Beautiful Sweet Peas
Sweet peas are so easy to grow and ideal for the impatient gardener or a good starter for children who want to see results quickly. Flowering profusely, just a few packets of seeds will give you fresh posies of flowers daily for weeks. Traditionally a cottage garden plant, they are frequently used in all types of garden.They are particularly lovely by a door or a window where the scent can be frequently admired.
Sweet peas were discovered by a Franciscan monk in Sicily in 1697.The original blossoms were smaller than we know today and were purple.They were bred enthusiastically and the frilly variety became available and gained popularity in the mid 19th century.As the Victorian fashion for bold showy flowers took hold, the sweet peas were bred more for size and visual impact, but at the cost of the scent.Then fashion changed and the appeal of traditional cottage garden flowers with the lovely scents returned again and, like fashion, the little sweet pea came full circle.
Romantics are drawn to the sweet heady smell of these exquisite flowers and the benefits of flower scents always include lifting the heart into a happy state.Sweet-smelling cottage garden plants were written about by Charles Dickens when, in 'Oliver Twist', the young boy recovered his health in a garden of flowers that 'perfumed the air with delicious odours'.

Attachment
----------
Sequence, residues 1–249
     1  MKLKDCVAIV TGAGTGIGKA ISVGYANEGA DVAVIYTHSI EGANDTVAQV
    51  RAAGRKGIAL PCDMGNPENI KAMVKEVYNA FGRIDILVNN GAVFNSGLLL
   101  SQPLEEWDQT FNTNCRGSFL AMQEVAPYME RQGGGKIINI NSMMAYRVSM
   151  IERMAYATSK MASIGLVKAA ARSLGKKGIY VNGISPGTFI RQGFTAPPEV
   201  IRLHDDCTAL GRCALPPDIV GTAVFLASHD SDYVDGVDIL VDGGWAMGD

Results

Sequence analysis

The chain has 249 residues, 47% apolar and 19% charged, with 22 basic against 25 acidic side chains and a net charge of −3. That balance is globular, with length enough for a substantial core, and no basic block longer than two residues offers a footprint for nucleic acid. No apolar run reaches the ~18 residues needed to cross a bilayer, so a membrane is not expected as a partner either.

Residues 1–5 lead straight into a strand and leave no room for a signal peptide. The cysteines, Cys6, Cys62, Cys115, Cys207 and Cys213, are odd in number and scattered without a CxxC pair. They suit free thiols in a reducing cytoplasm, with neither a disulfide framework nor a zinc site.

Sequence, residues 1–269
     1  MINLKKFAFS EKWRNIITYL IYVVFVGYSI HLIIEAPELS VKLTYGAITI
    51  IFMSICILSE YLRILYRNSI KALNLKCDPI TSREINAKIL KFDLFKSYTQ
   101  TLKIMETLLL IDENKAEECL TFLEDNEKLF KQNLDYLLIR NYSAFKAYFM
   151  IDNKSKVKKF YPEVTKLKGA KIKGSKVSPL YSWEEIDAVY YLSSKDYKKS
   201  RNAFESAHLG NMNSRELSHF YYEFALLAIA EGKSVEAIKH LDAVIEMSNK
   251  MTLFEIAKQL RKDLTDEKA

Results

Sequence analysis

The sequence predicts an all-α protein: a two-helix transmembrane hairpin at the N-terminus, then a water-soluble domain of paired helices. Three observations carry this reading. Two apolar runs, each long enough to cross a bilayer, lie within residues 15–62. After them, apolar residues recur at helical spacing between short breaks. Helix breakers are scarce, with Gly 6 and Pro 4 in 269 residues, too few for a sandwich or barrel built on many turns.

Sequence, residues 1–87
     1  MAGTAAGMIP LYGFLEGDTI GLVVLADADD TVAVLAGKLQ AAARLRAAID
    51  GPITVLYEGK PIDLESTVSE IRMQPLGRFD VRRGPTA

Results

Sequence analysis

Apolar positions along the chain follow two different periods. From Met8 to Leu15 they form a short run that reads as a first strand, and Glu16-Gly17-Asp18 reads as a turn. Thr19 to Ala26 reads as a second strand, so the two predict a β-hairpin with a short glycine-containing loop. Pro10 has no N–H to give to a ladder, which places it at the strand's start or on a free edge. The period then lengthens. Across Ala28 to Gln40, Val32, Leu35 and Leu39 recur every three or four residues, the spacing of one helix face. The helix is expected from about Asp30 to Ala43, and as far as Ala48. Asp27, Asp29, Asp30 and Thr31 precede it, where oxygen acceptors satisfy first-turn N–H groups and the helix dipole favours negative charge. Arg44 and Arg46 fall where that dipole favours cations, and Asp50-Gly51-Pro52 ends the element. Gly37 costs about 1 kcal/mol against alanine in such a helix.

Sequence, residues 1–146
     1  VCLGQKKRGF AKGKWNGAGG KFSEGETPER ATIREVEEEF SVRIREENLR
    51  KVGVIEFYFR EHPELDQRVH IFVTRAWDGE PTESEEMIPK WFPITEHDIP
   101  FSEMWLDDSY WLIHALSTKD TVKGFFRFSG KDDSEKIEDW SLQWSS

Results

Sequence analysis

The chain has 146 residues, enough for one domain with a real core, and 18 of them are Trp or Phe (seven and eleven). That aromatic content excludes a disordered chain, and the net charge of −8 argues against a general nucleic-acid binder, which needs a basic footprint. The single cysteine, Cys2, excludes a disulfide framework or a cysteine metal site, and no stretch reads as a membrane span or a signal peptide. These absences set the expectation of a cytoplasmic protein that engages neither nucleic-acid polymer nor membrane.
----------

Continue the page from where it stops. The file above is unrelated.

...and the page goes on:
Of course sweet peas are a member of the Pea family – but they are definitely not edible and are poisonous. In spring you can grow annual sweet peas in pots or straight into the ground.The sweet pea seed is a dark brown round seed which looks like a peppercorn. The most common seed mix is a for flower colours of pink, red, purples and white, although single colour seed packs of these are available.
Growing sweet peas is very easy and inexpensive.Choose your variety and plant in spring into pots or straight into the ground.Soaking the seeds first in tepid water or overnight to help rehydrate them encourages faster germination.I suggest plating 3-4 seeds per pot to make a bushier and more robust plant.Transport your little pots of plants into the garden when the risk of frost has gone.Cover the seeds with 1cm of compost and put them in a bright sunny spot.Sweet peas like moisture, so water regularly.Young seedlings become leggy, so encourage side shoots by pinching out the tops above a pair of leaves.The more shoots there are, the more flowers you will get.
Sweet peas climb so they need plant supports.These can simply be canes tied together in a wigwam shape or a garden trellis.Once the plant is in flower, dead head it regularly to encourage more flowers.
There is also a perennial sweet pea which produces a bright pink flower which weaves happily through plant supports or hedgerows, and although not scented, it is a feast for the eyes.
Jobs for March
- Prepare seed beds
- Add organic matter to borders
- Cut back winter flowering shrubs, dog woods and ornamental grasses
- Plant summer flowering bulbs
- Divide perennial clumps that are too big
- Dead head Narcissi that have finished flowering but do not cut the foliage
- Sow sweet peas
- Start weeding